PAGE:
St. John’s Baptist Church

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Seeing With Eyes Closed

Sunday, September 9, 2018 – Sixteenth Sunday after Pentecost

Seeing With Eyes Closed
Scripture: James 2:1-13

This sermon is the second of five in a series entitled: “Actively Faithful Faithfully Active Living: Learning to Live by Characteristics of God’s Spirit of Love”

Proclaimer: Rev. Dennis W. Foust, PhD

Click here to download this sermon in PDF format.


People carried signs reading, “We want equality now.” The demonstration was quiet, but tense.

A little girl and her mother were standing next to the curb near where the demonstrators walked.

The little girl said, “Mommy, tell me what you see.

A man standing nearby heard and offered to hold the child higher.

As he held the little girl in his arms, she said, “Thank you, Mister. I want equality too.

Then she surprised him with a question: “Mister, why doesn’t my daddy like these people?”

The man said, “Well, we’re all different.”

Then, for the first time, his eyes met the eyes of the little girl and he noticed she was blind.

To see people the way God sees them, you may need to see them with your eyes closed and your heart open.

People tell you it is normal human nature to show favoritism and be partial to people you prefer?

Of course, they are correct; it is human nature. But, you have committed your life to follow Jesus.

You are stewards of God’s gift of faith. You actively faithfully pursue the nature of God.

James, brother of Jesus, wrote to the scattered Church that they should see others with eyes closed and hearts opened to active faith; faith actively shaping God’s character in followers of Jesus.

He spoke of faith that works; faith maturing in us to relate God’s character of love.

James describes a world where the price tag of a Kia Rio is switched with a Hummer.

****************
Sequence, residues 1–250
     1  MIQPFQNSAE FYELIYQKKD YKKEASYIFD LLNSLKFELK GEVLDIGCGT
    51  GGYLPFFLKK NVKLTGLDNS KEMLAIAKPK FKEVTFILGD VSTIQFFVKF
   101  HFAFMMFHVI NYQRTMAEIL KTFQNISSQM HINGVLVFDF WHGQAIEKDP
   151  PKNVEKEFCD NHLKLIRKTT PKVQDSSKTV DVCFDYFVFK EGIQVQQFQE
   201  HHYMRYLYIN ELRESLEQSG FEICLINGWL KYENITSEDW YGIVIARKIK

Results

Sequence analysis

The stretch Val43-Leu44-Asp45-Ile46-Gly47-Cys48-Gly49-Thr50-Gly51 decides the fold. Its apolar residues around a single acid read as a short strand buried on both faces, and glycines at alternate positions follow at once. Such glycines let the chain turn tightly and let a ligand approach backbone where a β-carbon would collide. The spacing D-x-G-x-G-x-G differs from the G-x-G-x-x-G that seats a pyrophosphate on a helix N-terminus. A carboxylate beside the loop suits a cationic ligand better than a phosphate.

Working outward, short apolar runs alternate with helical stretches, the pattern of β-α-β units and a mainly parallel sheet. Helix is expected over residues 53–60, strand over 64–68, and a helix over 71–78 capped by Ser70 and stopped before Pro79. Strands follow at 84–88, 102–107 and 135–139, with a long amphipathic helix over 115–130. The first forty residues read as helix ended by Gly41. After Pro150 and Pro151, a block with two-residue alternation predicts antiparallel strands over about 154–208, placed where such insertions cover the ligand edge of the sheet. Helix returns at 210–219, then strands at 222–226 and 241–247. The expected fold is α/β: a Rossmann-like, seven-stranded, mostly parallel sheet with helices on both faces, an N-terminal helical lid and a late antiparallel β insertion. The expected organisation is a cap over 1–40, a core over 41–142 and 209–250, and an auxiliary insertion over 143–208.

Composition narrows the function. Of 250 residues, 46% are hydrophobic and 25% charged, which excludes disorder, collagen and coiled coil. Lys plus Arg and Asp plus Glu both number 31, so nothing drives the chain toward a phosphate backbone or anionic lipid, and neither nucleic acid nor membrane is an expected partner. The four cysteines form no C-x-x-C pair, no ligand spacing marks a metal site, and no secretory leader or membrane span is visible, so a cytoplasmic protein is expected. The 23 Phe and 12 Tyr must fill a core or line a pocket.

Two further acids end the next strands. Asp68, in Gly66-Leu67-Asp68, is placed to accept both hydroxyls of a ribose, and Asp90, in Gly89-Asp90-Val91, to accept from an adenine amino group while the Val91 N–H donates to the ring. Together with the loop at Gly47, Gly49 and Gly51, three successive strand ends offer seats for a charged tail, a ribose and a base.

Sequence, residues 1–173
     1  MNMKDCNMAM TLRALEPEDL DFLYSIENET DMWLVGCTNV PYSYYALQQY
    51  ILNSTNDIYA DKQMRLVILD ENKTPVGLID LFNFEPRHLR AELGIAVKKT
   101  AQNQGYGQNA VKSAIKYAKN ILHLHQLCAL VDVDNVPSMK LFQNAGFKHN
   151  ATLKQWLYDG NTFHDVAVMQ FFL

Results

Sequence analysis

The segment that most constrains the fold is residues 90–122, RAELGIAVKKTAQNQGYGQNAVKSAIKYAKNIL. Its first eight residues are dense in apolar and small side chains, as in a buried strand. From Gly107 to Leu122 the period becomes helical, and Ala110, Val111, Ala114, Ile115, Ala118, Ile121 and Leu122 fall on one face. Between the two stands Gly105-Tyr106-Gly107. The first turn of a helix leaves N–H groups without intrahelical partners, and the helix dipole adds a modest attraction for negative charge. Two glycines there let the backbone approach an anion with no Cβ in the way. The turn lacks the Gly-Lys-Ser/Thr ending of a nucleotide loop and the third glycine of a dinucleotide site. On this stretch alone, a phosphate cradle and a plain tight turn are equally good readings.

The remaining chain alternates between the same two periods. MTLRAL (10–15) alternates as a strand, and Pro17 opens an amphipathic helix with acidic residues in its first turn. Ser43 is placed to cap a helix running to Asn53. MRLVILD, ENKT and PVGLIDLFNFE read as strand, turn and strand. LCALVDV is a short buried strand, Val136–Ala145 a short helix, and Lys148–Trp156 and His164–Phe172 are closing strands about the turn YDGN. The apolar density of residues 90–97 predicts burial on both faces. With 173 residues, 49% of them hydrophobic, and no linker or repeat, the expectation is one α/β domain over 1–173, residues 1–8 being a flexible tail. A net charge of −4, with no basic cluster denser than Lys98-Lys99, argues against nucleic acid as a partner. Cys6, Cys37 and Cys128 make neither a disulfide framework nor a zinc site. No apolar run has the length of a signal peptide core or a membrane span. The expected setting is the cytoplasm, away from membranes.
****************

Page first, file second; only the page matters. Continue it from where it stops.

He said the poor should be valued highly. This was abnormal then – and is abnormal now.

Are you familiar with the arcade game known as the Claw Machine? You move a giant claw or crane inside a glass box trying to grab a stuffed animal or toy. Now and then, a child becomes so fixed on an item they climb inside and get stuck. This happens to us when we fixate on the external value of a person. We become stuck inside the cultural machine of pursuing human nature rather than God’s nature.

Beloved, our vision is to be a church learning how to love as God loves.

Because God loves everyone, we are learning to love everyone.

We want to value each person as a creation of God. If any of us begins showing partiality due to external factors, we should hear James calling us to relate mercy.

  • You relate mercy by looking beyond the faults of a person to see their needs.
  • You relate mercy by looking beyond what the other person is NOT to see them the way God sees them.
  • You relate mercy by looking inside the other person and taking actions to help them see themselves how God sees them and helping them become who God is calling them to be.

And when you find it difficult to relate mercy to someone, bow your head and ask God to help you look at them with your heart open to active faith by seeing them with your eyes closed in prayer.

Amen and AMEN!